Rame Head, Rame Peninsula

Rame Head, Rame Peninsula

For an easy, slightly steep walk, Rame Head is a wonderful place to ramble if you’re down in the South East of Cornwall, with breath-taking coastal views, ponies and even the occasional herd of deer!

An Area of Outstanding Natural Beauty, the Rame Peninsula and specifically Rame Head is a lesser-known part of Cornwall and all the better for it; you don’t get the crowds which can be found further west. 

An impressive, rocky promontory topped with a ruined medieval chapel that also doubled up as a hermitage and lighthouse, Rame Head has the South West Coastal Path running past it, so you can either pass through it as part of a larger walk, or park up nearby for a leisurely amble.

If you’re aiming for the latter, there’s a handy car park which is easily found via Google Maps; just be aware of the narrow lanes and keep it slow to make the most of the passing places when necessary! It’s a £1 for an hour or so, which is enough time if you’re just sticking to the headland.

Next to the car park lies Rame Head National Coastguard. Usually, this manned station is open to the public and are welcome to have a look around (if there isn’t an incident happening), however it’s currently closed due to Covid 19 restrictions, but they’re hoping to open again soon. There’s a handy loo here too should you need it.

From here, pass through the gates and walk up towards the chapel, crossing a gently sloping field (occupied by horses when I visited), then a steeper climb up the rocky outcrop. From here, the views are just lovely, looking back along the coast you can see the whole of Whitsand Bay, whilst in the other direction, it curves around towards Cawsand and Kingsand. It’s not surprising that it was here that the Spanish Armada was first spotted. To the front of the chapel there’s a large platform, and metal outlines indicate that this was used during the Second World War as such as strategic viewing point.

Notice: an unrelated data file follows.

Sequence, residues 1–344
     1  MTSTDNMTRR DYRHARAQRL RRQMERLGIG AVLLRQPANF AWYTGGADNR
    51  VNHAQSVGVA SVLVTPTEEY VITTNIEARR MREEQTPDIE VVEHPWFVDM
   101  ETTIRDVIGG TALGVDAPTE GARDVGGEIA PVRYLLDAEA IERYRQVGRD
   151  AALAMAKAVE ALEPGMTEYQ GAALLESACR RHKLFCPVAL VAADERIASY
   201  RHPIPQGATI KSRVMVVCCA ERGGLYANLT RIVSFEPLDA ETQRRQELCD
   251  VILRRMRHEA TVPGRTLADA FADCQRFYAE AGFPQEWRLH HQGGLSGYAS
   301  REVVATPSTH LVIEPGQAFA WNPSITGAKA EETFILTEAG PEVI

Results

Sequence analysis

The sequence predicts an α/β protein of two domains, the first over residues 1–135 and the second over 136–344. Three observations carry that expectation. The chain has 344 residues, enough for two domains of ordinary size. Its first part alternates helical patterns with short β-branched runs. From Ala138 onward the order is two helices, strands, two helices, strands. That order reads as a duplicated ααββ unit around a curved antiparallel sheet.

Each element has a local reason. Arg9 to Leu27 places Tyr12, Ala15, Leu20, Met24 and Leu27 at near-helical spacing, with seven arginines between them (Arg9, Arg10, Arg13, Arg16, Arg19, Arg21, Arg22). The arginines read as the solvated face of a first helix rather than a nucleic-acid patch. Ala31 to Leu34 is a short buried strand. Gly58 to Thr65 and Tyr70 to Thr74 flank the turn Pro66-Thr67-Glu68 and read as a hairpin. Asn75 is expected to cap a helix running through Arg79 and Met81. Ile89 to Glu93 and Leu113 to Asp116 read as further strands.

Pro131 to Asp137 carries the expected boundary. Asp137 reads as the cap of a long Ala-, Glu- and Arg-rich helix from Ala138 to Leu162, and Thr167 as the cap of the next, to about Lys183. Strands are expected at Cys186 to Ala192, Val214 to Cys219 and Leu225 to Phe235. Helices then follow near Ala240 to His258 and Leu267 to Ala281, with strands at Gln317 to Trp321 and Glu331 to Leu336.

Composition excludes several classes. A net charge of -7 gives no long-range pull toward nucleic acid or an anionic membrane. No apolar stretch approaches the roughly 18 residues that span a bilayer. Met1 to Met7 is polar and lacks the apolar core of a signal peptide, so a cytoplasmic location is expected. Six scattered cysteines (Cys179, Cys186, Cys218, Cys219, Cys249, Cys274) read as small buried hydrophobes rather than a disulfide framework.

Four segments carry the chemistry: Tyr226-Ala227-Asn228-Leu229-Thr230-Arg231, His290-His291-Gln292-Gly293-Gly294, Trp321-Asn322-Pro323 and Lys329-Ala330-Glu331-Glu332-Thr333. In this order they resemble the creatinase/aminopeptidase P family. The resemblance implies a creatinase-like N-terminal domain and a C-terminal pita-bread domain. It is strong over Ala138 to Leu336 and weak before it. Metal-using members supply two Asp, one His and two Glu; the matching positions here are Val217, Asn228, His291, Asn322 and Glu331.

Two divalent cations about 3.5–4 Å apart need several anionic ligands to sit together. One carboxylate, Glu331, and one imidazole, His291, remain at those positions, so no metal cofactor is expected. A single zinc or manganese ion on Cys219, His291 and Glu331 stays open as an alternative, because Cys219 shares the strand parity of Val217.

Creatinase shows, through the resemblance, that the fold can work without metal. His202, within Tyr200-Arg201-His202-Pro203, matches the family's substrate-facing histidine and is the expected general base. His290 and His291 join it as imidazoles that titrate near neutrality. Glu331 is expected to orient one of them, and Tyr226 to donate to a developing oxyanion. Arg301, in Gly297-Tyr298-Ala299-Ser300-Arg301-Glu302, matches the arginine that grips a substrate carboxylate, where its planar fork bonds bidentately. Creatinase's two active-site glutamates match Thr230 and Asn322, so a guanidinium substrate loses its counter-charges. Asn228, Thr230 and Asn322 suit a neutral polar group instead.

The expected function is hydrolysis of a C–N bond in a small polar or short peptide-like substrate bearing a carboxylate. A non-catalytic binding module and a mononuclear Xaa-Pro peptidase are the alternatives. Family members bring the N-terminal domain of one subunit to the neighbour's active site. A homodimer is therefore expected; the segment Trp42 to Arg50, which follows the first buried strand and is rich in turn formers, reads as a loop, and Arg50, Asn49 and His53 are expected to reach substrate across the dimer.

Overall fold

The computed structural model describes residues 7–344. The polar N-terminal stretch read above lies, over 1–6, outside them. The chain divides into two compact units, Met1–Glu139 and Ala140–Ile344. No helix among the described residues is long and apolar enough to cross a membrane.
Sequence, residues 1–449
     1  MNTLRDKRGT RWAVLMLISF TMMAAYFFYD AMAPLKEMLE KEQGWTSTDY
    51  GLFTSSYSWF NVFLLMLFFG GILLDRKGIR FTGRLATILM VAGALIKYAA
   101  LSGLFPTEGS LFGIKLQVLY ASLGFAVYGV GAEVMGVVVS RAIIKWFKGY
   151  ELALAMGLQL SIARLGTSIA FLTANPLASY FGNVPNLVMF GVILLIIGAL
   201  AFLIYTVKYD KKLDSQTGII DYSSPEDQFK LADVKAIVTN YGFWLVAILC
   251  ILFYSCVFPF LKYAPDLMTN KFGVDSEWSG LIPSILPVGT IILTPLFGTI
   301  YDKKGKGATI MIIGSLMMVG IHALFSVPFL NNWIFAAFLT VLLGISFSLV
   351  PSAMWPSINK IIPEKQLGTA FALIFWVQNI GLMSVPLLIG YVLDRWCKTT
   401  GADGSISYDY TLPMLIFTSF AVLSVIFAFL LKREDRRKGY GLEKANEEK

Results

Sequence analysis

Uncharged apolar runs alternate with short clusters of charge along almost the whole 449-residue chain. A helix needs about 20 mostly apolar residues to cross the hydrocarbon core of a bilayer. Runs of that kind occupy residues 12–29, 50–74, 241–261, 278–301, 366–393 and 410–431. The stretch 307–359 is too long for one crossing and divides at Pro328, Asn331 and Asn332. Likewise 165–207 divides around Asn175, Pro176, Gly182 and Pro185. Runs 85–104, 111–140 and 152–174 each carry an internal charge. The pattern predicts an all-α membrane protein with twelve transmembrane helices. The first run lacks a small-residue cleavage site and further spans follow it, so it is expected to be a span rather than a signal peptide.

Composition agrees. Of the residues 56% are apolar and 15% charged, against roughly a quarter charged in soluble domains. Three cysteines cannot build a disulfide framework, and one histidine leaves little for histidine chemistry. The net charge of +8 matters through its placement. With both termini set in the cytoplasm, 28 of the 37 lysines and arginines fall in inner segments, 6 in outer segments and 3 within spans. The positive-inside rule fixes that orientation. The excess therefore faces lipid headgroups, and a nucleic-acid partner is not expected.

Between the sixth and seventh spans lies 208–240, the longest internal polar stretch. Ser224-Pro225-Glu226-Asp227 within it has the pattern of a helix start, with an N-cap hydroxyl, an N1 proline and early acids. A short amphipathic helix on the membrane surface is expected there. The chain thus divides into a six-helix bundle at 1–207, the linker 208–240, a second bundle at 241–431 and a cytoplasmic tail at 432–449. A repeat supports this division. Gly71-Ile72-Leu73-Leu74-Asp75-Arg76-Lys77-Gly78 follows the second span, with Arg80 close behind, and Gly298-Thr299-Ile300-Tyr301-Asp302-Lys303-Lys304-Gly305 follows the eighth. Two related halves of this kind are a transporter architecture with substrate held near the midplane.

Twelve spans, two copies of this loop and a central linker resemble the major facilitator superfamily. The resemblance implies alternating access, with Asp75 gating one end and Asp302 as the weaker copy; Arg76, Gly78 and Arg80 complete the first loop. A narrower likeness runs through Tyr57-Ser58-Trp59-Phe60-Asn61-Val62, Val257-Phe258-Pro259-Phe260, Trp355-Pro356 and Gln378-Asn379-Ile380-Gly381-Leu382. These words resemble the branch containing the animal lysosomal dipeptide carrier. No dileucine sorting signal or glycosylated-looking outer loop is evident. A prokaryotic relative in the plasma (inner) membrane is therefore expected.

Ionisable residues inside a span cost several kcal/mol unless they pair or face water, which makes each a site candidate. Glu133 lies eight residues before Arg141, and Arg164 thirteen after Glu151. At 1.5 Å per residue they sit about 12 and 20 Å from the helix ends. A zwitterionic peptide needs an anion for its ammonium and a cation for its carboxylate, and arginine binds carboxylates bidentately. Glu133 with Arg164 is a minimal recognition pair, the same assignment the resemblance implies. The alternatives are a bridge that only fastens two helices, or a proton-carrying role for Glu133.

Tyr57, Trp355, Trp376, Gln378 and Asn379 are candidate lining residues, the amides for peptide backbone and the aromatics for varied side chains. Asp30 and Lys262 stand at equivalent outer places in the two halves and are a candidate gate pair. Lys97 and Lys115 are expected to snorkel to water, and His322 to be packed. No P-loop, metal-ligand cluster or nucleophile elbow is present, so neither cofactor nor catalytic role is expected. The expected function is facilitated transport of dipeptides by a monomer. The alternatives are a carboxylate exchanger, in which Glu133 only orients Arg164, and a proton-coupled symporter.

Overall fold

Whilst this windy spot may protect Plymouth Sound from the worst of the westerly winds, plenty of wildlife can be found here; it’s actually home to the rare Dartford Warbler and just as I turned to walk back down from the chapel, I spotted six deer racing across the scrubland – an unexpected sight right by the sea - and although it was February when I visited, Gorse shone brightly amongst the grassland.

If you’re planning a longer walk, you could either park up at nearby Whitsand Bay and walk through to Kingsand and Cawsand or do the reverse. Both ends have car parks, and it would be about five miles one way or 10 if you plan a round trip. 

Feeling inspired? Take a look at our luxury cottages in Whitsand Bay here.

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